Parents seeking liver donor to save 3-year-old twins

Posted at 11:38 PM, Jan 26, 2015
and last updated 2015-01-26 23:38:35-05

A Canadian couple has reached out to the Internet to help save their twin 3-year-olds.

Binh and Phuoc Wagner both require a liver transplant to survive.

The problem is that their father, Michael Wagner, can donate to only one of the pair.

Wagner and his wife, Johanne, have taken their search for a second donor to social media, establishing a Facebook page, Liver Transplants for our Vietnamese Twin Girls, which has garnered more than 5,000 likes as of Monday afternoon. The Kingston, Ontario, couple also has a blog, One More Potato in the Pot, about their lives with nine children, four of whom are adopted.

“We need people to come forward, people who are willing to be assessed to be live liver donors,” Johanne Wagner told CBC News on Sunday. “Things could turn around very quickly on us, and their condition could get worse.”

The twins were adopted from Vietnam in November 2012, when they were 18 months old. The pair are afflicted with Alagille syndrome, a genetic disorder that causes liver damage because of bile duct abnormalities, according to the National Institutes of Health’s Genetics Home Reference.

Among other issues, the ailment causes the twins to itch severely — enough that they scratch while they sleep, creating sores.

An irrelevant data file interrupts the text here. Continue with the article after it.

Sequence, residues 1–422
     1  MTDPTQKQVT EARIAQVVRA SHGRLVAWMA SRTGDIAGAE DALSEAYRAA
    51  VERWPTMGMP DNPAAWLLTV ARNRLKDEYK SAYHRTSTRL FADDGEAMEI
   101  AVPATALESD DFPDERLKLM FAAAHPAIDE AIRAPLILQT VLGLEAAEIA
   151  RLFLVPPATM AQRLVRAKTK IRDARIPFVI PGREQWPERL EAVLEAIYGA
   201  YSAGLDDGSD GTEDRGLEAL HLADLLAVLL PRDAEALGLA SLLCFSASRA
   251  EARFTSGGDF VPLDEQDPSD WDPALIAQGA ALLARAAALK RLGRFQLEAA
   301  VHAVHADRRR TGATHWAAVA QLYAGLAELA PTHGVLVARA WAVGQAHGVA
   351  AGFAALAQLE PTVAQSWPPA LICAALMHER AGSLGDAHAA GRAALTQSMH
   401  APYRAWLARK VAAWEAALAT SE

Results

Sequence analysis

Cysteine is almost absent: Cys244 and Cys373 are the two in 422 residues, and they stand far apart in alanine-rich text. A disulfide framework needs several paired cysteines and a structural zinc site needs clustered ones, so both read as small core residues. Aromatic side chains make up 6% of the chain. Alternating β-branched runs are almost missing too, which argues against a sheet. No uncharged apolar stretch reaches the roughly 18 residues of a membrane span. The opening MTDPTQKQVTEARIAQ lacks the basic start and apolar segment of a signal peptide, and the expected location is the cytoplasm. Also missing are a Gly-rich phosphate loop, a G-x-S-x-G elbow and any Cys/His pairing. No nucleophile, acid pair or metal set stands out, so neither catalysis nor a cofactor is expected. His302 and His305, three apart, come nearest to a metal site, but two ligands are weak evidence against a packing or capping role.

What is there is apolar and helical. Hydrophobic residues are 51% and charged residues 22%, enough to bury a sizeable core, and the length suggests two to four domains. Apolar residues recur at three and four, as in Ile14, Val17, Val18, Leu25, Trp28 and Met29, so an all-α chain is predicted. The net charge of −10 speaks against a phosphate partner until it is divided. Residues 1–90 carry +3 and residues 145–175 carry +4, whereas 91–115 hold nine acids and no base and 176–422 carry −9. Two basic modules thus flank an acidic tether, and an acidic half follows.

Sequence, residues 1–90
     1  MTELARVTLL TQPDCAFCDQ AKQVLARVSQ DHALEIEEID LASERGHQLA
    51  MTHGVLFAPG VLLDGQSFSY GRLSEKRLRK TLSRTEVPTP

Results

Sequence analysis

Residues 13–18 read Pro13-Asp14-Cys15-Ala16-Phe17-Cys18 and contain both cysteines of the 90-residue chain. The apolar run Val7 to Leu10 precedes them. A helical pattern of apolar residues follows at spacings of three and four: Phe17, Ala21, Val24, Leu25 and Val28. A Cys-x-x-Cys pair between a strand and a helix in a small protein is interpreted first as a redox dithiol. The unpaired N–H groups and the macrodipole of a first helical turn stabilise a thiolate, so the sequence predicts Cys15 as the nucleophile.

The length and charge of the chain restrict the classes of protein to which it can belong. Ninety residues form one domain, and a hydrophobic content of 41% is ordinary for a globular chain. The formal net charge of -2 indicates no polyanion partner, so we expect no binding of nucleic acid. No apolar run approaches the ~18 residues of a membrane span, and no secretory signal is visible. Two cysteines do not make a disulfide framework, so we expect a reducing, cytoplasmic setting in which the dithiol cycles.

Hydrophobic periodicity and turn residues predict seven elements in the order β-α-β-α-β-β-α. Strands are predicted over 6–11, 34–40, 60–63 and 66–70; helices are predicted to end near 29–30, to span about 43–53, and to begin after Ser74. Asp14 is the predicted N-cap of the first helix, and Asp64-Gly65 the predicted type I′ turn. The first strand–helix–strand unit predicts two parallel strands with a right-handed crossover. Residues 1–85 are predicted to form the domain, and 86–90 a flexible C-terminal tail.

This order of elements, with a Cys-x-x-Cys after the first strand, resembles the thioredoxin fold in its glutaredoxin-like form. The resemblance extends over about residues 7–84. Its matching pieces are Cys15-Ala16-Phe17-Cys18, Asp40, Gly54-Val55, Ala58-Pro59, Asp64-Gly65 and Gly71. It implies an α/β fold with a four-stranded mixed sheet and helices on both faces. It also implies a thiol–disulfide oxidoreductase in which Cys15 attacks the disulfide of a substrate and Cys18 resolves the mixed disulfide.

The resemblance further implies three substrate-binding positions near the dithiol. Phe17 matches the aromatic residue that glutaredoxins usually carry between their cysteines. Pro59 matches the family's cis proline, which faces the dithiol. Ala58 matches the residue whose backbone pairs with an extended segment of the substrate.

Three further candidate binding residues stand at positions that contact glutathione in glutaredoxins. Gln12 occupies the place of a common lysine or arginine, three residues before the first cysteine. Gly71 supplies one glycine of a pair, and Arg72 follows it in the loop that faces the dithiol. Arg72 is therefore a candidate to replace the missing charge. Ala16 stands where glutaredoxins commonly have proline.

“When we went to Vietnam, before we went, we knew that they were very ill, and we knew it was liver-related,” Michael Wagner told CBC News. “We said, ‘All right, we’re committed, and we’re going to move forward with the hope that everything is going to be OK.'”

The Wagners have been updating their Facebook page since establishing it December 26. What’s needed, they say, is someone who meets the following qualifications:

1) be older than 18 and younger than 60.

2) be in good overall health and physical condition.

3) have a compatible blood type: A or O (rhesus factor positive or negative does not matter).

4) have a BMI of less than 35 to be worked up for consideration and no greater than 32 at the time of surgery (transplant).

Livers do regrow, but a donor would have to be in a hospital for several days and take another few weeks to recover.

In the meantime, the Wagners and the girls’ doctors are monitoring the situation.

If things take a turn for the worse, the twins’ doctor Dr. Binita Kamath told CBC News, the girl who will receive Michael Wagner’s liver will be chosen based on immediate need.

“I think we will make the decision based on facts and keep it as dispassionate as possible,” she said. “We feel comfortable making this decision.”